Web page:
Creating the Illusion of Transparency
You can create the illusion of transparency in your drawings if you observe how light, shadow, and value behave on transparent objects under various conditions. For instance, both hollow and solid transparent objects have a primary highlight, and a secondary highlight opposite it. The difference is, on a solid transparent object the secondary highlight appears within the object, while on a hollow transparent object the secondary highlight is seen only in the object's walls.
Value contrasts are lessened when seen through transparent objects. For example, when you look through a window, the light values you see will be slightly darker and the darks slightly lighter than if the window was not there. A clean window lets you see stronger value contrasts than a dirty one.
The cast shadow of a hollow transparent object is usually a restatement of the object's transparency: transparent in the middle and opaque at the edges. We see darker cast shadows at the edges of a hollow transparent object because there, at its walls, the object is thickest and blocks more light.
The cast shadow of a transparent solid has a bright spot of light within it, caused by the secondary highlight that appears on the side of the object opposite the primary highlight.
The cast shadow of a hollow transparent object is light in the middle and dark at the edges.
The secondary highlight on a solid transparent object causes a bright area of light within the object's cast shadow.
Value contrasts are reduced when viewed through a transparent object. Here, a pane of glass floats in front of the curving stripes. We don't see the glass itself, but can see its effect in the reduction of contrast between the black and white stripes.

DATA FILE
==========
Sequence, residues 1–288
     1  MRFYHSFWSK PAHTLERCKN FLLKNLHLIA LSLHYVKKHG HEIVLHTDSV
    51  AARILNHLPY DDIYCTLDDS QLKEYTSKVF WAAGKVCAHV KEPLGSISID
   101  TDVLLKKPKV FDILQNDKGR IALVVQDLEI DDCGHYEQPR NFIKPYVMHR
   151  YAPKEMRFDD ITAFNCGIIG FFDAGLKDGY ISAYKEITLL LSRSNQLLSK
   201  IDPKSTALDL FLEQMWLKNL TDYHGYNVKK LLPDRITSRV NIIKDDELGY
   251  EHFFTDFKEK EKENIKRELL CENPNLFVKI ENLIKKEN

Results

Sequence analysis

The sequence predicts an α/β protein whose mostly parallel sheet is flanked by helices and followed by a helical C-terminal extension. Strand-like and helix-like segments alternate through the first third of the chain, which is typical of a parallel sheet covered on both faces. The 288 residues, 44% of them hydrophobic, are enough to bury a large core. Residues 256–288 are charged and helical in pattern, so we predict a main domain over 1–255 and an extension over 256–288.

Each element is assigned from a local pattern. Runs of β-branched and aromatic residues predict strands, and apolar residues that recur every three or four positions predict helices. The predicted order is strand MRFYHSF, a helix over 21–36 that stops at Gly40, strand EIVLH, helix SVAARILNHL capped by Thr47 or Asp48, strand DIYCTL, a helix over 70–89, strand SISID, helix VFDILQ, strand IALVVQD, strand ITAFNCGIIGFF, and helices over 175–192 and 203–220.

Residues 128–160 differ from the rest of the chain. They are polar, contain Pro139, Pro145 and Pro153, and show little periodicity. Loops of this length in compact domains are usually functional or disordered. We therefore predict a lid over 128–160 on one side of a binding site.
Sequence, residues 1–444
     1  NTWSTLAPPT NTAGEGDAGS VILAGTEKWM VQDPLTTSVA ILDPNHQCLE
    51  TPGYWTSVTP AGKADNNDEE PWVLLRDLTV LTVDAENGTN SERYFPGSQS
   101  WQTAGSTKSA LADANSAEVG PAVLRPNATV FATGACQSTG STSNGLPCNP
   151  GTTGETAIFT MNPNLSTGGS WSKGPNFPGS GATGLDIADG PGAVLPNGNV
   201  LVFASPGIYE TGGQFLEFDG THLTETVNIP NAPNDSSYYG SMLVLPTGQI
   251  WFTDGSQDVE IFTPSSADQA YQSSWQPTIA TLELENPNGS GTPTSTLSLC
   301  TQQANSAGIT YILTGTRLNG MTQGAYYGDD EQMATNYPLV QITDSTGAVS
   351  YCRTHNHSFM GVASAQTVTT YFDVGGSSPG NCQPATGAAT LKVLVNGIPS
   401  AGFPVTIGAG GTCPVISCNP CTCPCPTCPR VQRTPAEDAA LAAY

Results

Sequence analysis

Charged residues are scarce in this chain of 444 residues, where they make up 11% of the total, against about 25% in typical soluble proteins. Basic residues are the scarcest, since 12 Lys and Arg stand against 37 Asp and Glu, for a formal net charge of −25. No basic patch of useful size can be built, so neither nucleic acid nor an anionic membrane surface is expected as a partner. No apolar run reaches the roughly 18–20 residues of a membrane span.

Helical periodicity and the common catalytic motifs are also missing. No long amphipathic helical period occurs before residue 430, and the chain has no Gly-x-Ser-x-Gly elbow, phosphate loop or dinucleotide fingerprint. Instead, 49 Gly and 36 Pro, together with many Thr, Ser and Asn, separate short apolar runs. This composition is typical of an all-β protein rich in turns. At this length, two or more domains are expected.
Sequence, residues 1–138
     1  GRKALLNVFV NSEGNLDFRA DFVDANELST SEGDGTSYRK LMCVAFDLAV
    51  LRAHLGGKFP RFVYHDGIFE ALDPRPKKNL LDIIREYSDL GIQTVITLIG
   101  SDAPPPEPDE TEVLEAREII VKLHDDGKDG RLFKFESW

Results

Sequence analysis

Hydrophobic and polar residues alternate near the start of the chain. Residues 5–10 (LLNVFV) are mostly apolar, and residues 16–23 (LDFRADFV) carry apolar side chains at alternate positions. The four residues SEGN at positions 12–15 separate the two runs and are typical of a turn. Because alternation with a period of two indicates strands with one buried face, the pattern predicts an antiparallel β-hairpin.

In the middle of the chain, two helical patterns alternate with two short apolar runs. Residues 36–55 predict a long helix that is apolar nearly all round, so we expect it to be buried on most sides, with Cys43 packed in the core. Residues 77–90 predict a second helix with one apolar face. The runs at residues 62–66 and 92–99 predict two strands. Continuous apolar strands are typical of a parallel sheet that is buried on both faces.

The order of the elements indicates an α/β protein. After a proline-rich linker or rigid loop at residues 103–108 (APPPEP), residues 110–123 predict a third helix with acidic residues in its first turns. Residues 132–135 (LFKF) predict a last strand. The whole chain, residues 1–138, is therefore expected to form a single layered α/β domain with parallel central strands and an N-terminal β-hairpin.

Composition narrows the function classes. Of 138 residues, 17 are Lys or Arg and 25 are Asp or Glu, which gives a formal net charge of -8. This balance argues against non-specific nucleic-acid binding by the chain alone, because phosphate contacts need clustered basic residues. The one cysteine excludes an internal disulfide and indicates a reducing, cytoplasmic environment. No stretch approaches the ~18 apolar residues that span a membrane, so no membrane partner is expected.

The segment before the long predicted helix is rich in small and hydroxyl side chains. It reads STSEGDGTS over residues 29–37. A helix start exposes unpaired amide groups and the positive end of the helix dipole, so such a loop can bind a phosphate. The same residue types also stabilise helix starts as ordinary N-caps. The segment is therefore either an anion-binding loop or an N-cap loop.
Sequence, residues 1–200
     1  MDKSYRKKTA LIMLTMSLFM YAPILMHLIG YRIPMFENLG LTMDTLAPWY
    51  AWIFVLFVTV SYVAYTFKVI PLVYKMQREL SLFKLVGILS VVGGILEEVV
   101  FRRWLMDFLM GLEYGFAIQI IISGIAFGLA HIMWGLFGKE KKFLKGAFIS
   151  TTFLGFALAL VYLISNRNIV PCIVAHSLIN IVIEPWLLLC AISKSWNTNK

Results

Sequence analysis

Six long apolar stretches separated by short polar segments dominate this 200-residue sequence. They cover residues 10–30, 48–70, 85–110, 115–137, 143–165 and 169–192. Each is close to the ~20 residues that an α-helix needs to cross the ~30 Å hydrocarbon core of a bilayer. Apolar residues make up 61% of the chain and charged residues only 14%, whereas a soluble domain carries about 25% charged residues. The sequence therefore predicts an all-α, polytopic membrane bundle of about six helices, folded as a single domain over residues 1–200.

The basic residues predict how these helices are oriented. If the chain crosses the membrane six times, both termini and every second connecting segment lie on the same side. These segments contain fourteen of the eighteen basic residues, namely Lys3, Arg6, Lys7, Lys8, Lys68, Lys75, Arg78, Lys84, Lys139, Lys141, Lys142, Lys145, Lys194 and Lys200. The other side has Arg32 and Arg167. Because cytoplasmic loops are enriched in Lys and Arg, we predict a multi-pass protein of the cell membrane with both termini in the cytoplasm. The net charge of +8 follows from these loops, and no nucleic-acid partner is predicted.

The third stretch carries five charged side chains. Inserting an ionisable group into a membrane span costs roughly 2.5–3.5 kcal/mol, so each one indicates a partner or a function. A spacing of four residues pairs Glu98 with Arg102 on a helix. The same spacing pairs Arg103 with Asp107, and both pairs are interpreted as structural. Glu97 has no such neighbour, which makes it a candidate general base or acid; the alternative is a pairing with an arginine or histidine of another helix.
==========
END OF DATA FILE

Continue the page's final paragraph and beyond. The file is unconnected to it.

Each of the following elements will imply transparency. The more you can include in your drawing, the stronger the illusion you will create.
- A primary highlight that is hard-edged indicates that the surface it appears on is smooth (transparent objects are smooth).
- A secondary highlight within the object and opposite the primary highlight implies a transparent solid.
- A secondary highlight in the object's wall opposite the primary highlight implies a hollow transparent object.
- A cast shadow that is light in the middle and dark only on the edges implies a hollow transparent object.
- A cast shadow with a brightly illuminated area in an otherwise dark shadow implies a transparent solid.
- All transparent objects shift the values of what is seen through them toward middle values.
- Solid transparent objects distort (reverse, invert, or shift) things seen through them.
- Only the edges of transparent hollow objects significantly distort their background.
The iris of the eye (the colored port) is covered by a solid transparent lens called the cornea. See how the primary and secondary highlights on the cornea affect the light on the iris. The tear is a transparent solid and is similarly affected.